"They were driving the truck with the big megaphones and say, 'Come to the field,'" Koss says. "And many times there were not even fields. They had to break ground and make that happen first, you know. People say, you know, sometimes when you do these programs, 'Oh, when you're going to see the effect, it's going to be taking, you know, months and years before you see any impact on that.' You know, and then, after three weeks, we had, like, the whole camp lined up."
"When they come and play, things changed," Benjamin says. "They become very, very excited and try a bit to forget about the bad experiences they went through."
"When people read this kind of book, they can really experience how, with play, everything can be possible."Benjamin Nzobonankira
Benjamin remembers what the coaches said to him as they helped him learn to play.
"You have to love each other, even those who, maybe, you fled. You have to love them. And then, in that way, you become champion."
In the camp, Benjamin had plenty of opportunity to try putting that advice into practice. The bullying came with a hard, sometimes fatal edge. But playing soccer with bullies taught Benjamin that they could work together, and, perhaps more significantly, playing together taught many of these children who had lost so much that they were not so different from each other. It would turn out to be a lesson with appeal beyond the borders of the camp. A children’s book author named Katie Smith Milway would demonstrate that.
'A Welcoming Spirit'
For her book "The Banana-Leaf Ball," Milway created a little boy named Deo, a boy in a camp called Lukole in northwest Tanzania, who tries to make a ball out of banana leaves and twine, only to see his meager materials stolen by a bully named Remy. When the coach modeled on one of Johann Koss’s recruits arrives in the village, the children learn to be teammates. Together, they win a game.
Milway says she was "on the prowl" for a good story about social and emotional learning when she was reminded of the program Johann Koss had been running in refugee camps.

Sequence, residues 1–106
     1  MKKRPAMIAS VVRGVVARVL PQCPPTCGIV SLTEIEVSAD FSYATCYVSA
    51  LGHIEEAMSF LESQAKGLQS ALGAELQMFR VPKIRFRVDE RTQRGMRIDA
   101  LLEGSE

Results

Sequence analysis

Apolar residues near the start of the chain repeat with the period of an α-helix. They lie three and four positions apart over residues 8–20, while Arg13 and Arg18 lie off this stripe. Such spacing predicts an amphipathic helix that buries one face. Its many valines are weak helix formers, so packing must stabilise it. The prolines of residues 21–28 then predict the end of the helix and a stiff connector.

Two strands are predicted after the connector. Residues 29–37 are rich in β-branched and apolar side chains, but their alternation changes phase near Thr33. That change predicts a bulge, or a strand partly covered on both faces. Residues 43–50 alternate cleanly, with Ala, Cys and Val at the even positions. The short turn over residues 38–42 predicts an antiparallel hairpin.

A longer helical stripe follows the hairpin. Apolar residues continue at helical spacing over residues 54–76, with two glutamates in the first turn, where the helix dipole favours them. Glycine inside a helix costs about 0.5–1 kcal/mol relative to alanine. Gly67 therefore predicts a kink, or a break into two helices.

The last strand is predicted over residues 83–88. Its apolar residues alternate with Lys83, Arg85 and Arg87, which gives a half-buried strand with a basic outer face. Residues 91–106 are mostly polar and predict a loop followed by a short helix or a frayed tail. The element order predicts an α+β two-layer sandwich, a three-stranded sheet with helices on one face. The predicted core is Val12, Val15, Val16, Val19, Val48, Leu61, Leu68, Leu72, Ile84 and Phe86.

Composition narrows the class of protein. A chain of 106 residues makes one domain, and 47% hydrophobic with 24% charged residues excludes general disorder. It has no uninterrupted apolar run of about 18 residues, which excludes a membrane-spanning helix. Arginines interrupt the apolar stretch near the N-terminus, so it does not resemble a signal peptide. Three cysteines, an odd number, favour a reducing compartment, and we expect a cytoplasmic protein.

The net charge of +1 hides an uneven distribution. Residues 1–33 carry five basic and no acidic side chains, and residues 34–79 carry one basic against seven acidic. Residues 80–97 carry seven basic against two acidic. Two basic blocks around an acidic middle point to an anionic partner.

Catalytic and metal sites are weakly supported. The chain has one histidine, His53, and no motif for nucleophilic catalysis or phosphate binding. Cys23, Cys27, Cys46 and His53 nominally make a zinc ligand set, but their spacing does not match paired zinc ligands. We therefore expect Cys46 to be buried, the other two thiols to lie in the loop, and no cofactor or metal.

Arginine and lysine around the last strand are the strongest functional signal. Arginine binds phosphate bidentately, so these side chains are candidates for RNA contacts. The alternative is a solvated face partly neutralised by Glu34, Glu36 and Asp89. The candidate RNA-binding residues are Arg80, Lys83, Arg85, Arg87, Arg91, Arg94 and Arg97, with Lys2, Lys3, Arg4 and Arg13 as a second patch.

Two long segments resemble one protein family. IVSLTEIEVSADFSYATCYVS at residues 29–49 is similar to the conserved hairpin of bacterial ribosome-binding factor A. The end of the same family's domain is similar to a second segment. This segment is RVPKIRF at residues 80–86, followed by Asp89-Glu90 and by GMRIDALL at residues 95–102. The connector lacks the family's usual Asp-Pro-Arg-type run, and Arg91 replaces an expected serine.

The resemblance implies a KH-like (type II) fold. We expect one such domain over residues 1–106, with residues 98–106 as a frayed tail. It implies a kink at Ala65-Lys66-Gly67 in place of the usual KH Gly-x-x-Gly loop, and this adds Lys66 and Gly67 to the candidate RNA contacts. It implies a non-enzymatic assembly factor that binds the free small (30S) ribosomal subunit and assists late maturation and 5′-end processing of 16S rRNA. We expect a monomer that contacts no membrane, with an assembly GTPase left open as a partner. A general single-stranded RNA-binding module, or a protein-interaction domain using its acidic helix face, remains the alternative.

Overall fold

"And I thought, 'OK, I've got to call this guy,'" she says. "So I called him up, and I said, 'Do you have a good story of the power of play?' And he said, 'Oh, you've got to read the speech of one of my staff members in Burundi.' That's how I got to know Benjamin's story."
The challenge for Milway was turning a journey that had included the loss of family members and the death of innocents into a tale for children.
"I hoped to write a story that would, actually, resonate with kids in any playground, anywhere. Because playgrounds are not always welcoming," Milway says. "You know, the bully might be a militia recruiter, as in the case of Benjamin, but it might just be — it might be a gang member in an urban school, and it also just might be someone who’s mean."
Benjamin has no problem with Milway’s adaptation of his story. And he doesn’t mind the name change.
"Ah, Deo is Benjamin, actually," he says, laughing. "It's no different. Deo, Benjamin, just the same. It can be someone else. Benjamin, Deo, or Nick, Kathy, or someone else. It’s OK."
'With Play, Everything Can Be Possible'
Actually, it’s a lot better than "OK." It’s a powerful story. And in telling it, even though the story is for kids, Milway hasn’t pulled all her punches.
"You say at the end of the book — there’s a section called 'A Real Deo,'" I say. "It begins, and I’m quoting, 'Today almost 60 million people are refugees. Men, women and children who’ve had to leave their homes because of war, disaster.' Um, that’s in the book. What do you intend for children to make of that news?"
"Oh, well, first of all, it’s good for them to realize that the experience of children around the world is very different, and I think — I hope — kids who read the book develop a lot of empathy for kids in need," Milway says. "I hope that translates into a welcoming spirit for people of political asylum, a welcoming spirit for refugees that need a new home and a new start. But I also hope it helps kids find themselves, no matter what playground they play on, and think about that kid that maybe they don’t like so much and try to learn their story."
It might seem like a lot of hope to hang on a children’s book, but maybe not. At least one reader has lots of confidence that the message in "The Banana-Leaf Ball" will resonate with kids, maybe even inspire them.
"I thought that I could not become someone," Benjamin says, "but I actually come to realize that, finally, Benjamin — his story is somehow interesting. And I’m very grateful to Kate. She did a very interesting work. Especially when people read this kind of book, they can really experience how, with play, everything can be possible."
Benjamin became a coach for Right To Play and, more recently, now back in Burundi, he has founded an organization of his own to bring "play" to kids who need it. Benjamin’s work is driven by his determination to help at least some of the estimated 28 million of the world’s children classified as "displaced." The man who traveled as a child from Burundi to Rwanda to Congo to Tanzania knows "displaced." And he knows "need" beyond food and shelter.
This segment aired on May 27, 2017.